I started to complain about Peter Jackson’s commission from the Imperial War Museum to colourise their archival war footage when I first heard about it earlier this year, and now I’ve actually seen the result, ‘They Shall Not Grow Old’, I’ve decided to keep on complaining. This, despite two moments in his feature length film about the experience of English men at the Western Front which do truly take the breath away.
Jackson bookends his VFX historical concoction with two extended sequences of ‘authentic’ black and white footage complete with scratches, hair in the gate, and even the clattering sound of an old film projector. About half an hour into the film, at the moment in the film’s narrative when the men arrive at the Front we, the audience, see the ‘archival’ film magically transition to full colour, correct speed, and full cineplex-quality Dolby sound. To Jackson’s credit it is a truly astonishing, and moving, moment. We are exiting History and entering Experience. After about another hour, when the men have won the War, we transition again, back home to jerky black and white, from Experience back to mere History.
These moments have roots deep in the history of media. In the 1890s many people saw their first kinematograph film through a hand cranked attachment placed on the front of a magic lantern. Canny operators would hold the first frame of their ninety second filmstrip in the gate so the audience thought they were looking at a standard glass magic lantern slide, then they would begin to crank the image into lifelike animation. This moment of phenomenological wonder wrought by drawing attention to the very apparatus of representation itself has been rehearsed frequently since. Perhaps most pertinent to Jackson’s film is the transition from black and white to colour, at about the same narrative points, in ‘The Wizard of Oz’, where the film transitions from the familiar Hollywood black and white to the new Technicolor. We’re not in Kansas anymore in ‘The Wizard of Oz’, just as we’re not in Documentary anymore in ‘They Shall Not Grow Old’.
These two moments are the film’s triumph, and all the talk has rightly been about the creation of lived experience from supposedly inert archival material — the lip reading, the stretched frame rate, the image sharpening, the 3D, and so on. So it is interesting that many of these ‘effects’, so lauded for their technical novelty today, were in fact in play before the War itself had even ended.
A giant composite mural coloured with aerograph and oil stick on dispaly c1918, from Imperial War Museum archive.
Jackson composites separate archival images together into the one frame, he passes off footage shot of training exercises as actual battles, and he closely edits together images shot far apart to make it seem as though we are seeing one action, one dramatic moment. I’m not going to be churlish, that’s fine. In fact it was being done in 1918, even before the Armistice, by the photographers Ivor Castle and Frank Hurley who worked for the Canadian, British and Australian propaganda units. They did it for a series of giant collages and hand coloured murals made for exhibitions in the UK during 1918. The only VFX Jackson has in his arsenal which Castle and Hurley didn’t have is the loop. And he uses the loop to dilate time like the master he is. In his film men look over their shoulder with impending dread, or stroke the necks of dogs with PTSD distraction, for a sublime, looped, eternity.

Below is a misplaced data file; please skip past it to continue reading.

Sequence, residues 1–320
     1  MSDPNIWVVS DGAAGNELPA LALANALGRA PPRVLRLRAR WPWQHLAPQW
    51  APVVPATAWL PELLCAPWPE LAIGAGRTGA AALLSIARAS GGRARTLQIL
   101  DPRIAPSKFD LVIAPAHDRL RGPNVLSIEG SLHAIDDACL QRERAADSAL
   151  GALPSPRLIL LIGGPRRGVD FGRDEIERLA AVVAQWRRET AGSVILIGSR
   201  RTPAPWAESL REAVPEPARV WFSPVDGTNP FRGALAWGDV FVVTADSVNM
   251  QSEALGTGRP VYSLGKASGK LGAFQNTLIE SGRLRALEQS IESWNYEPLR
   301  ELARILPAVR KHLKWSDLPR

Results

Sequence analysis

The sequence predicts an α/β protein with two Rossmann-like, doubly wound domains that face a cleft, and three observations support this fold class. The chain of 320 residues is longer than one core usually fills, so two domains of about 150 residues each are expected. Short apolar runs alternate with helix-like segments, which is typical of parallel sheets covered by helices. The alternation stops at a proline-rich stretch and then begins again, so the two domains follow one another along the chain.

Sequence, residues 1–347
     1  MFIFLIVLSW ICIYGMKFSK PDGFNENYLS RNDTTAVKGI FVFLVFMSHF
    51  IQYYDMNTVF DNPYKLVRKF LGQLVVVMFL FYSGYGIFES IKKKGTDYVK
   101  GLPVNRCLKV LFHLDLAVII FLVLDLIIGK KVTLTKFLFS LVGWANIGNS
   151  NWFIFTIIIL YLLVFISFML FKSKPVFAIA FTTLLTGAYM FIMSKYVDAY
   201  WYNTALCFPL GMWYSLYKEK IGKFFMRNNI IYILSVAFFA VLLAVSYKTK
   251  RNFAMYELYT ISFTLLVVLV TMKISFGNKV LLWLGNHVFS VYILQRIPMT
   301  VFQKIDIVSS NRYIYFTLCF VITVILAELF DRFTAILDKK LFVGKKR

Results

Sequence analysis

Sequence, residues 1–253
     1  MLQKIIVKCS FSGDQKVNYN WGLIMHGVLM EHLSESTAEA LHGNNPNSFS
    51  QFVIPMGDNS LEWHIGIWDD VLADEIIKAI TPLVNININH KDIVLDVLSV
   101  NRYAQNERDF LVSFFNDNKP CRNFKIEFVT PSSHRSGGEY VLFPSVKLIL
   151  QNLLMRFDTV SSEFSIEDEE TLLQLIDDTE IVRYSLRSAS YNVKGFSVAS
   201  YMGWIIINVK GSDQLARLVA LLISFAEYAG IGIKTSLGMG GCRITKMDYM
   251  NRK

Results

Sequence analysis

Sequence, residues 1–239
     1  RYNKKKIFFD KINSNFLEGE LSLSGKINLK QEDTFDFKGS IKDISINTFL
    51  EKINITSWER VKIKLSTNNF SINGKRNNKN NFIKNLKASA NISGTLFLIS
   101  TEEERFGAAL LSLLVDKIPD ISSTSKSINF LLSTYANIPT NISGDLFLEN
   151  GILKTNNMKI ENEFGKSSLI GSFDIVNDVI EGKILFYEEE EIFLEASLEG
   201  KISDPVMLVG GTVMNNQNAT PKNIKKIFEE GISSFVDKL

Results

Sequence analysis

The fact that the War was actually being commemorated before it had even ended is only one of the about five billion other inconvenient truths about the War which Jackson’s film has to ignore in order to sustain itself. The film might be about a male English soldier’s experience, but surely we can handle more complexity than the Joseph Cambellesque narrative arc of: we didn’t know what we were getting into, it was an industrial hell, we had a battle where we found reserves of Edwardian heroism we didn’t know we had, we won that battle, we returned home and nobody understood us.
That this is a story from the cineplex, not reality, is betrayed by the fact that in the frenzied thick of its digital editing of the battle sequence the film doesn’t distinguish between photographic imagery and popular graphic imagery derived from Boy’s Own propaganda. True, there is virtually no imagery directly from WW1 battles, so Jackson had a problem. A film which used the same footage as Jackson’s, Charles Urban’s ‘The Battle of the Somme’, shown in London in 1916 (two years before the Armistice) to bring the reality of trench warfare home to complacent UK audiences, had the same problem, and also had to use footage of training exercises to stand in for actual battles. And perhaps Jackson was also trying to make the point that for these brief moments the young men temporarily entered the mythology of war under which they had enlisted, but even if he is trying to make this jingoistic point, is it is lost in the ontological muddling.
The only thing masking the narrative banality which is at the heart of Jackson’s film, and which it cannot rise above, is the voices of the returned soldiers which drive the soundtrack. They also have been been conjured from the archive of oral history, but come through, along with all their distinct and distant accents, as clear as a bell. Without those voices, Jackson’s VFX would bleach to nothing.
Their voices, and their dental work. In 2018 nobody can exit the film without wondering at the rank tombstone teeth of the soldiers. Thank God Jackson didn’t give them digital orthodontics. Those crumbling teeth stoutly defend the truths of history in the face of Jackson attempts to conjure the cinematic effects of experience.